The hiking trails at Ames Nowell State Park are plentiful. This park is said to contain approximately 600 acres. Of those 600 acres, 88 of those acres contain Cleveland Pond. The rest of the park contains a great many hiking trails. Some marked, many not.
Beaver Brook flows into Cleveland Pond to the north and exits at it's south. It is at this brook that the former mills of Old Abington stood.
A Bit of History:
Originally there was a sawmill in the 1720s at the northern area where the pond now starts.
This became a gristmill in 1785 when the surrounding community needed cornmeal more than lumber.
The property changed hands several times, and then in 1903 the mill was destroyed.
In the 1920s, a rich lawyer named Edwin Holmes purchased the land and built a dam, causing it to become the manmade pond now called Cleveland Pond. He eventually turned the property into a bird sanctuary and hunting grounds.
Ames Nowell purchased the land in the 1930s when Holmes was unable to pay land taxes during the Depression. Ames Nowell was the grandson of Oliver Ames the 35th governor of Massachusetts.
Another historical feature of the park is the Richards Family Burial Ground. It is located at the north east corner of cleveland pond. The website US Gen Web Geneologic site describes it as on a knoll between Beaver and Deacon Brooks.
There is only one gravestone remaining which is almost illegible. Records show that it belongs to Joseph Richards Jr. 1727-1785, a veteran of both the French and Indian War and the Revolutionary War. There is actually a second one behind this one, broken and completely illegible.
Trips hiking in this park can be made of varied lengths. The popular and most used part of the park seems to be east of the power lines.
some of the more interesting portions of the park are beyond where the
usual park visitor wanders.
There has been some new trail work that makes it possible to hike around the whole of Cleveland Pond. If you had attempted this in the past you know how difficult a task that previously had been.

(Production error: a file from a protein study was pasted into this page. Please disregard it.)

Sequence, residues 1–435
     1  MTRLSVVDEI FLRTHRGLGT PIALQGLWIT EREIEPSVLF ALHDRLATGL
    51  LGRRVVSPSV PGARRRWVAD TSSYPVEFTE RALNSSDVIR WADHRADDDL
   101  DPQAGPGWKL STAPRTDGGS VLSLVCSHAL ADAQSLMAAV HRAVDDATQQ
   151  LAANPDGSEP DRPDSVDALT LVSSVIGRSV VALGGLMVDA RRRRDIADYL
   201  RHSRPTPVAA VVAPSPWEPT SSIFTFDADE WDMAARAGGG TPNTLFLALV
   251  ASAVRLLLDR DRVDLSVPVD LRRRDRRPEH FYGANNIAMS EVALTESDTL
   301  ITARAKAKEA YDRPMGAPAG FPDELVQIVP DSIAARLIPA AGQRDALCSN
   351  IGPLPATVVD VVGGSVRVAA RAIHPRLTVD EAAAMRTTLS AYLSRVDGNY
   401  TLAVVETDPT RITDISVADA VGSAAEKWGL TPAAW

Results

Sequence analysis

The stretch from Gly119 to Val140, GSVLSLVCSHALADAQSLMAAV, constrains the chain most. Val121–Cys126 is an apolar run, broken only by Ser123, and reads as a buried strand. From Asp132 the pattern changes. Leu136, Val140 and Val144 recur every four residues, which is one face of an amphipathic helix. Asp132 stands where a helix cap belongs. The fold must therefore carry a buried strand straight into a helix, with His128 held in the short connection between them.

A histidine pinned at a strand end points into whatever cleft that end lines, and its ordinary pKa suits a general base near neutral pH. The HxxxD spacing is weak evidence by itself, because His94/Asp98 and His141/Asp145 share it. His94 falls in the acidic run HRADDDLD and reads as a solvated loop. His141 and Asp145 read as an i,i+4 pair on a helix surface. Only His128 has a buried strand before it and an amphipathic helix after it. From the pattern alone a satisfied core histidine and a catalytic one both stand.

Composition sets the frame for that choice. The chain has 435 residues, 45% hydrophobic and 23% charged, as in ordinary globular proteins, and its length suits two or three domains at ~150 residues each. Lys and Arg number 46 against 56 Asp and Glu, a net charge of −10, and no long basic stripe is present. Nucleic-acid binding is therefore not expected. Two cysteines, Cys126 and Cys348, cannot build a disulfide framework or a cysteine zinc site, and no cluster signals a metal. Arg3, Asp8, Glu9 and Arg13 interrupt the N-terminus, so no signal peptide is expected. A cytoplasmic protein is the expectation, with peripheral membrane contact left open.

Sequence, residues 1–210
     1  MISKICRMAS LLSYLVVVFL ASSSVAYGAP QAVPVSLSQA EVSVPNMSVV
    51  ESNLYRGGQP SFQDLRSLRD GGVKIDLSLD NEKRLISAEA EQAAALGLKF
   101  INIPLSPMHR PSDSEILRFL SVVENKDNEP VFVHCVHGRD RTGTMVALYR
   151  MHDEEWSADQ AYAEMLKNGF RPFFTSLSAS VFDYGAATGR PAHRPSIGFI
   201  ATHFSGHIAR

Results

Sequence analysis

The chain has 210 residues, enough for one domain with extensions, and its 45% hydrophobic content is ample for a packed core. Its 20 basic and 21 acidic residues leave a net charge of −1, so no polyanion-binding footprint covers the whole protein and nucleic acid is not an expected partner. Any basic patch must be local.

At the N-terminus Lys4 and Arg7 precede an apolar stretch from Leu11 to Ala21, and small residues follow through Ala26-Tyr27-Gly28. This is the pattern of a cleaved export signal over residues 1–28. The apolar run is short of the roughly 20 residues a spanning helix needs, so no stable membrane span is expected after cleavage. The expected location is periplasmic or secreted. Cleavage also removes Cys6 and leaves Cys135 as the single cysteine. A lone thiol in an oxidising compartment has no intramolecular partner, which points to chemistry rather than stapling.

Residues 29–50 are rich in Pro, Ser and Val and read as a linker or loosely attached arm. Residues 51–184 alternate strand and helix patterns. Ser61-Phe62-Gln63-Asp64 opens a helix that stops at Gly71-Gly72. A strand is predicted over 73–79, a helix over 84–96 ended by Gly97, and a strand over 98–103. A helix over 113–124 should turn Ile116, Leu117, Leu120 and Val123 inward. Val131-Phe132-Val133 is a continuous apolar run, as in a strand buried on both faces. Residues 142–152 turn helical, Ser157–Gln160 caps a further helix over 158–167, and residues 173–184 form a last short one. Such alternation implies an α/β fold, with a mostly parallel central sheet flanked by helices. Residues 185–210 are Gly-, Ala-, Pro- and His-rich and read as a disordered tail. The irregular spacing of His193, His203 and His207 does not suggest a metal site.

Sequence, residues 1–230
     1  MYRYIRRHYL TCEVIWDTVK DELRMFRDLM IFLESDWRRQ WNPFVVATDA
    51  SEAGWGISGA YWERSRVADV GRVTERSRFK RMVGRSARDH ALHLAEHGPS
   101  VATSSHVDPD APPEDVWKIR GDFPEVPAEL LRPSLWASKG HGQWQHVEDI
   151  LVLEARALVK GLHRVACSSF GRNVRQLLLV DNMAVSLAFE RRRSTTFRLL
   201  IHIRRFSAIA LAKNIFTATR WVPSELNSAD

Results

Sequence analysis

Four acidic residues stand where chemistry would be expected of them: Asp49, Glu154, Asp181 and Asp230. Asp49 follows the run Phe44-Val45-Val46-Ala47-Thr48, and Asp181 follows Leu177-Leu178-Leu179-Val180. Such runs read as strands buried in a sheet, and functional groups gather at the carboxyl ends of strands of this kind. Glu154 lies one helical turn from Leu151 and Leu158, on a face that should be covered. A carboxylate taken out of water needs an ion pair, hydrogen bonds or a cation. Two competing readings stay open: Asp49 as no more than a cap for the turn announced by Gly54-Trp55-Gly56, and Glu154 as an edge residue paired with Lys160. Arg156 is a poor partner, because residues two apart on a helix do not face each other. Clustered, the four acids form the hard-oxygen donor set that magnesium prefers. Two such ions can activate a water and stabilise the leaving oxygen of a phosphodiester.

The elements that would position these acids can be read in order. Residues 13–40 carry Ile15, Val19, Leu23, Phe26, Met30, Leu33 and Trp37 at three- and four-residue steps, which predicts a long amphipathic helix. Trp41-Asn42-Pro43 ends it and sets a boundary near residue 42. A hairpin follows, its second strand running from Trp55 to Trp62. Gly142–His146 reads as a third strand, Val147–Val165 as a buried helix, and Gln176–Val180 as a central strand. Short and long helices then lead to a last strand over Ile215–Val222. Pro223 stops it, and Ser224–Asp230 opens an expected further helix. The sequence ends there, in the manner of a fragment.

If you are that explorer at heart that this website appeals to, then exploring Ames Nowell state park will be a delight.
There are two board walks in this park.
One is easy to find on the more popular eastern side,
the other is older and requires time to find.
It is in the less used part of the park.
For me it became the quest to find the other boardwalk!
Both board walks have a fencing along the side facing the water.
Neither should be confused with the many plank board crossings at wet areas of the park.
Ames Nowell backs up to Beaver Brook Conservation area which is in the City of Brockton. Some trails not on the map lead into that conservation area.
The hiking here is mostly easy,
many cart paths or fire roads
and only slight grades to deal with.
There are times though, that trails become rocky, or
follow over rock walls, or
have somewhat difficult water crossings. These are mostly out in the less traveled parts of the park.
Though it is possible to spend hours hiking here,
there are several short interesting walks.
There is a picnic area,
and many benches scattered throughout the park making it easy to take a rest and enjoy the scenery.
are Hunting Season
learn how to keep safe when hunting season hiking!
From Boston heading south on route 93 to route 3 at split take exit 16 south on route 18 approx. 5 miles. Take right at intersection of route 139 (West). Take 2nd left on Lincoln and follow to end with a left on Hancock st. Take 2nd right on Presidential Dr. following to end and right on Linwood st. State Park is on the end of Linwood.
Regular parking lot that can accommodate many vehicles.
many trails whereby any length of time can be arranged depending upon hike chosen.
some more remote areas being difficult only by water crossings
Several, primarily Cleveland Pond with Beaver Brook flowing into and out of the pond.
Fishing, boating (non motor) biking, picnicking, snow shoeing, cross country skiing, ice skating and ice fishing in Winter.
Smart phones scan here for the Maprika Map of Ames Nowell hiking trails.